The future is now – a new study found that virtual reality can help alleviate depressive symptoms.

Photo by Nan Palmero.

Photo by Nan Palmero.

The therapy was previously tested on healthy people and showed positive results. Now, the British team tested their idea on 15 depression patients aged 23-61. Nine reported reduced depressive symptoms a month after the therapy, and 4 of them reported clinical improvements in the severity of their symptoms.

Basically, the idea is to make people less harsh on themselves.

“People who struggle with anxiety and depression can be excessively self-critical when things go wrong in their lives,” explains study lead Professor Chris Brewin (UCL Clinical, Educational & Health Psychology).

In the virtual reality setting, patients see a life-size ‘avatar’ or virtual body. The idea is to make the experience as realistic as possible, so that the patient identifies with the avatar. Then, the avatar has to comfort a visibly distressed virtual child. It’s a very simple 8 minute scenario, repeated once a week for three weeks.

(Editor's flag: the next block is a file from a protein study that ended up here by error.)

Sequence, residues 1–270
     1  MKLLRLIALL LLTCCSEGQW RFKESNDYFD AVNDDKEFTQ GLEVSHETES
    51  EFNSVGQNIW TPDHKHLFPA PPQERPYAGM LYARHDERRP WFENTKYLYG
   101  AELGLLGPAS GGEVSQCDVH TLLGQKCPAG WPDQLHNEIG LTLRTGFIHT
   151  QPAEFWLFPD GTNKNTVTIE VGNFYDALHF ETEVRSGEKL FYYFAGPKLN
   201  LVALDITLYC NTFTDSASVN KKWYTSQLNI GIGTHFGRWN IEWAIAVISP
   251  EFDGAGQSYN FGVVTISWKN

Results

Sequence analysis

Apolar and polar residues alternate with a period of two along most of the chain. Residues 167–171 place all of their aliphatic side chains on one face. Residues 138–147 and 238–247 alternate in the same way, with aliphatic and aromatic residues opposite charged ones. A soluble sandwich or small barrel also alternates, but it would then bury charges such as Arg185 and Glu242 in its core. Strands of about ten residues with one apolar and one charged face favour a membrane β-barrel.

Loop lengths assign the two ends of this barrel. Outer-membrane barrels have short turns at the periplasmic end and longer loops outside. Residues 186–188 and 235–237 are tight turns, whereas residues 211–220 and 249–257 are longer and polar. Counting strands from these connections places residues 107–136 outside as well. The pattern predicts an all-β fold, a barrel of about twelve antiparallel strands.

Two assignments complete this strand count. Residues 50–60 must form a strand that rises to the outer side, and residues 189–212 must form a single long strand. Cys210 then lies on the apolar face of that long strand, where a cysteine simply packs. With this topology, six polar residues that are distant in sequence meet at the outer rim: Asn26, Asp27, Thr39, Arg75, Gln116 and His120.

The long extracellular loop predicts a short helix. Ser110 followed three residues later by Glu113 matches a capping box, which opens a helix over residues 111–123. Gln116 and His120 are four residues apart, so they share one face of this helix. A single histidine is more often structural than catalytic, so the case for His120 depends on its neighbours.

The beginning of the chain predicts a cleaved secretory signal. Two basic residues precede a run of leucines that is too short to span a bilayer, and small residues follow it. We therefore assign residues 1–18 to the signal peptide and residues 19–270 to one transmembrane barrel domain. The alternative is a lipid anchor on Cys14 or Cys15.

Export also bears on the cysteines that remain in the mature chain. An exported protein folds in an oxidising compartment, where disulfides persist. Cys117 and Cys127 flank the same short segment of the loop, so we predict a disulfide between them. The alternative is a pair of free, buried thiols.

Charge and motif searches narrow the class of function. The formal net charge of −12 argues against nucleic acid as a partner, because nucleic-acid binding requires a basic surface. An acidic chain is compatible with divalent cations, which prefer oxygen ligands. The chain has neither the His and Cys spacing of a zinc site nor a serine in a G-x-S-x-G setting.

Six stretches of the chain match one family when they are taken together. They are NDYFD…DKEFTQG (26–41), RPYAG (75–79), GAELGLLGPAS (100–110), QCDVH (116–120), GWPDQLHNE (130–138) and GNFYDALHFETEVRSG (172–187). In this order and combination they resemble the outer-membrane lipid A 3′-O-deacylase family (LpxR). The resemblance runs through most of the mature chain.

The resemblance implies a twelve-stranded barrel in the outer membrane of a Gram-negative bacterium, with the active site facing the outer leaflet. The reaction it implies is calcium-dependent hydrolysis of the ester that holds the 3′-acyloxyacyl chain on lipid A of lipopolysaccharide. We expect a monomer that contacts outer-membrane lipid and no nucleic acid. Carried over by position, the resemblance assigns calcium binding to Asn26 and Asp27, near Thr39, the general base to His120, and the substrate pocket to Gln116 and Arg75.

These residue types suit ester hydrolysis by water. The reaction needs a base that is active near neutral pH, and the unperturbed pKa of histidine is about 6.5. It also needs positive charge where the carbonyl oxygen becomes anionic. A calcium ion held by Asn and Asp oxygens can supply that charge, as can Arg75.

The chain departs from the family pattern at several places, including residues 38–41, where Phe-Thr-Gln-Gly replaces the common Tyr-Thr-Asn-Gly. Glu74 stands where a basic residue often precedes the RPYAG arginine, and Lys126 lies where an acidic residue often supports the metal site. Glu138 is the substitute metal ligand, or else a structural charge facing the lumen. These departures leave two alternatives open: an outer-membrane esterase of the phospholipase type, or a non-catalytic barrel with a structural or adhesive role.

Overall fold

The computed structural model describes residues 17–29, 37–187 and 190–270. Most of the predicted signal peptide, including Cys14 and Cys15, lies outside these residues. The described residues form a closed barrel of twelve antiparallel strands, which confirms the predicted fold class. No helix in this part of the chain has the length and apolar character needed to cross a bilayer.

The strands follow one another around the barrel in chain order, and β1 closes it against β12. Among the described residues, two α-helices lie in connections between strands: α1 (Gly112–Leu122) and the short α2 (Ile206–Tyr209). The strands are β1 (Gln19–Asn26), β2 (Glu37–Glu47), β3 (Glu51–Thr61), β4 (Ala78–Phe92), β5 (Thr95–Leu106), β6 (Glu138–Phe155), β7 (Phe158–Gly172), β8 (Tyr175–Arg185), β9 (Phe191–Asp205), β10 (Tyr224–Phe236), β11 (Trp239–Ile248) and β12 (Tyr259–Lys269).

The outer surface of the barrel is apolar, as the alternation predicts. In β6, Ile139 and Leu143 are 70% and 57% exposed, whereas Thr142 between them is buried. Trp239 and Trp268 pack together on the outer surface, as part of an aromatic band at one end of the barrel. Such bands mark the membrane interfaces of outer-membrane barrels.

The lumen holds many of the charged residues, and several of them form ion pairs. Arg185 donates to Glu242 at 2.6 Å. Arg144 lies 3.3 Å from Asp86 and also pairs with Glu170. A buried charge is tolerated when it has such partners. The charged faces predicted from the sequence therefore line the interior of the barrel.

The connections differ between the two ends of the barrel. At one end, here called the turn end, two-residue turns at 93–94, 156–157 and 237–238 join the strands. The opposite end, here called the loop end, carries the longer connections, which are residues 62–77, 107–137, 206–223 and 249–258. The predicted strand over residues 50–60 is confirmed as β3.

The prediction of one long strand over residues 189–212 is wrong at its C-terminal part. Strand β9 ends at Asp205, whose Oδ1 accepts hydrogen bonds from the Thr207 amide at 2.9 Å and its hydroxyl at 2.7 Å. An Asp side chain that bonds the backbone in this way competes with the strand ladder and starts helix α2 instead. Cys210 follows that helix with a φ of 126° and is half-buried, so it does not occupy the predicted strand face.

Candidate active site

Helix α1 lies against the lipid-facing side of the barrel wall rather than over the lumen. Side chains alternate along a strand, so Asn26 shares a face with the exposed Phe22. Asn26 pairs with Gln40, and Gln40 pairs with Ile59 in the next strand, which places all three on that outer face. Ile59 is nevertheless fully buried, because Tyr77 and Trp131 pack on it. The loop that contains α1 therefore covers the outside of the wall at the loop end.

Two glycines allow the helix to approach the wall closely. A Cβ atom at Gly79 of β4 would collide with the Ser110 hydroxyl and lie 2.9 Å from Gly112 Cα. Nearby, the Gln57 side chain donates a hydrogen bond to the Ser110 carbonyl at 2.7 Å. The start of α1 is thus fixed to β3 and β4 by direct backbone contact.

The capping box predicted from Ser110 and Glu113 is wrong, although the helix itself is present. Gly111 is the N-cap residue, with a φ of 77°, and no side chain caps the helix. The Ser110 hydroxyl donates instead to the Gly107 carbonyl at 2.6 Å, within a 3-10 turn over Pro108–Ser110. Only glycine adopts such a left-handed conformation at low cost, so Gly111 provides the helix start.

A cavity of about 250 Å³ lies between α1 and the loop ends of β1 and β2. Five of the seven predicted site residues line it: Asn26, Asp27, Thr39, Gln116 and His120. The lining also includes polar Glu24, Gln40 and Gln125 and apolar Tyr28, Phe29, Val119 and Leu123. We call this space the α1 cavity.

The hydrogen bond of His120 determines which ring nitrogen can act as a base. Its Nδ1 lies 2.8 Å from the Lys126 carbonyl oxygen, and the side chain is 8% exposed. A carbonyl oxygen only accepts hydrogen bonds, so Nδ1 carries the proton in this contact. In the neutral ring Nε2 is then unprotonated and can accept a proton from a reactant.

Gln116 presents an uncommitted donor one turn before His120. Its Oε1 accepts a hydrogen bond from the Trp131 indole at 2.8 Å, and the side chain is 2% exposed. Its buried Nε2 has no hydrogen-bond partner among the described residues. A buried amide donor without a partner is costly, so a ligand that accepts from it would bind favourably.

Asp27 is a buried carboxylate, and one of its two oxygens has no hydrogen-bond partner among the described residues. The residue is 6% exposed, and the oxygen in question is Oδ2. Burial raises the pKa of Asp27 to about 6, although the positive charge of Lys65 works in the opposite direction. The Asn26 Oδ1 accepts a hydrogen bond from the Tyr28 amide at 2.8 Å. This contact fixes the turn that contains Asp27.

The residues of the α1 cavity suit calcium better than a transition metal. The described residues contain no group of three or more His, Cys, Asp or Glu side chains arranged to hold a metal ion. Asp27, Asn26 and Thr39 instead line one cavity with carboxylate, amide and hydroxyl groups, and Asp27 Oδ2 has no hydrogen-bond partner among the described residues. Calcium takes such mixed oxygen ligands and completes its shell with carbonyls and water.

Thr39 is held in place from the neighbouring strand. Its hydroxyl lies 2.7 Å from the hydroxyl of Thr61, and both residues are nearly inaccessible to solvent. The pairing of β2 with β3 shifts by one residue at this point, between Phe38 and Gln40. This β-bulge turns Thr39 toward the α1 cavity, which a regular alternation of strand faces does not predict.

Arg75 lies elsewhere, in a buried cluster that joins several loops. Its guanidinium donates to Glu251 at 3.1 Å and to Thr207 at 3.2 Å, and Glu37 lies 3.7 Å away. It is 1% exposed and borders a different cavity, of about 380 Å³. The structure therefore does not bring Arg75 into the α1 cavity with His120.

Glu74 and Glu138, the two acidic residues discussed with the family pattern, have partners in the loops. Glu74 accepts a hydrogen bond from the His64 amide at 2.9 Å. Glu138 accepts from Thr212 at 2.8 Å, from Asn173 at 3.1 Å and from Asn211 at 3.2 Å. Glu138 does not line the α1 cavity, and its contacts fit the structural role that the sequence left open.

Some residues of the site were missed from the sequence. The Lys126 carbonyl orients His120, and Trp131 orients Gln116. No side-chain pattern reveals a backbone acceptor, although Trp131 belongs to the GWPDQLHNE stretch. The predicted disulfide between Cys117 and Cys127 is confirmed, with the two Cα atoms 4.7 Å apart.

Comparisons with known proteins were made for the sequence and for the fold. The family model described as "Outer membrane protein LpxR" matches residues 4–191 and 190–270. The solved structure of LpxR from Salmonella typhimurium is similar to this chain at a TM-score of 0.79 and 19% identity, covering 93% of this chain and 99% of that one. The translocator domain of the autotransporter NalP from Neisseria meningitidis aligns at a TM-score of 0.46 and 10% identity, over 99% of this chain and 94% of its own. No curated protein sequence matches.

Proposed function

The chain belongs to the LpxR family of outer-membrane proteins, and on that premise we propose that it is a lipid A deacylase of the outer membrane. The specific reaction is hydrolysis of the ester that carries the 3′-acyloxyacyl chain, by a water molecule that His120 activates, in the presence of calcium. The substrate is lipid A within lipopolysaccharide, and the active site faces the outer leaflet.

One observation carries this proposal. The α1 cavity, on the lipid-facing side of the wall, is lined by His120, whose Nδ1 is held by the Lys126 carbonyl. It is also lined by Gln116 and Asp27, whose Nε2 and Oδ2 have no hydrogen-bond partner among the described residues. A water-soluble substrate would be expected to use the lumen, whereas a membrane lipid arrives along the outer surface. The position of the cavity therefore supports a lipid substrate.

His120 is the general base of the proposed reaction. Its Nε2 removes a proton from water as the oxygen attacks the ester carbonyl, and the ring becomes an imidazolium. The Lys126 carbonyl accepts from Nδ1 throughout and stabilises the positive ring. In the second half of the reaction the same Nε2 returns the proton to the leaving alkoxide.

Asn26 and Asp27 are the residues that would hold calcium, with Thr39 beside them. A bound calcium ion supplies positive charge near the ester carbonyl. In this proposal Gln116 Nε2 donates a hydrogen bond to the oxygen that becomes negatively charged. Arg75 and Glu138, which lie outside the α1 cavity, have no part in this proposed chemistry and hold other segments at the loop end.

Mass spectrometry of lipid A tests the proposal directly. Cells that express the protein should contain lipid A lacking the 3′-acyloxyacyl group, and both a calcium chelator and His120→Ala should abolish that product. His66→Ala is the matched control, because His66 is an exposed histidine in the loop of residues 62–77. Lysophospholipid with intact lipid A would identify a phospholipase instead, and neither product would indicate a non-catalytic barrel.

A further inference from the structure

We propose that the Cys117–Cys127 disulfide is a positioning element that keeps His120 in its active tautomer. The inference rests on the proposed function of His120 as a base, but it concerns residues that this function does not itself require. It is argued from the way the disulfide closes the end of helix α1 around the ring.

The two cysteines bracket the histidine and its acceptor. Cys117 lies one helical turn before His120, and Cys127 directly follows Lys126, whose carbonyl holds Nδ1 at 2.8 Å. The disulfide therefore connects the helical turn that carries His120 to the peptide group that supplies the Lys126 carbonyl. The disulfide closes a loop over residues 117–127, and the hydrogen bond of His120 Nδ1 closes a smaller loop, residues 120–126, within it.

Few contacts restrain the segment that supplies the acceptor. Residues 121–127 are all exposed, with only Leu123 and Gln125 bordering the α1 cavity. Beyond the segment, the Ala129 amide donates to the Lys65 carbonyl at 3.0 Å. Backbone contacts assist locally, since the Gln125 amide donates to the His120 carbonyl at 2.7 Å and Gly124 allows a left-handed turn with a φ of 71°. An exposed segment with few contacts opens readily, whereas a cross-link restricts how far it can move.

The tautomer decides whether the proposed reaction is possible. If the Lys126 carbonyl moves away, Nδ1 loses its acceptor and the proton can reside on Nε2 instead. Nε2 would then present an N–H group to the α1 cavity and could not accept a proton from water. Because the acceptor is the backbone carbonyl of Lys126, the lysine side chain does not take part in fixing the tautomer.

“In this study, by comforting the child and then hearing their own words back, patients are indirectly giving themselves compassion. The aim was to teach patients to be more compassionate towards themselves and less self-critical, and we saw promising results. A month after the study, several patients described how their experience had changed their response to real-life situations in which they would previously have been self-critical.”

The results were surprisingly good, but the sample size was too small to draw definite conclusions. The study does do a great job as a proof of concept, and now the results have to be replicated at a larger scale – because the potential seems to be there.

“We now hope to develop the technique further to conduct a larger controlled trial, so that we can confidently determine any clinical benefit,” says co-author Professor Mel Slater (ICREA-University of Barcelona and UCL Computer Science). “If a substantial benefit is seen, then this therapy could have huge potential. The recent marketing of low-cost home virtual reality systems means that methods such as this could potentially be part of every home and be used on a widespread basis.”

 

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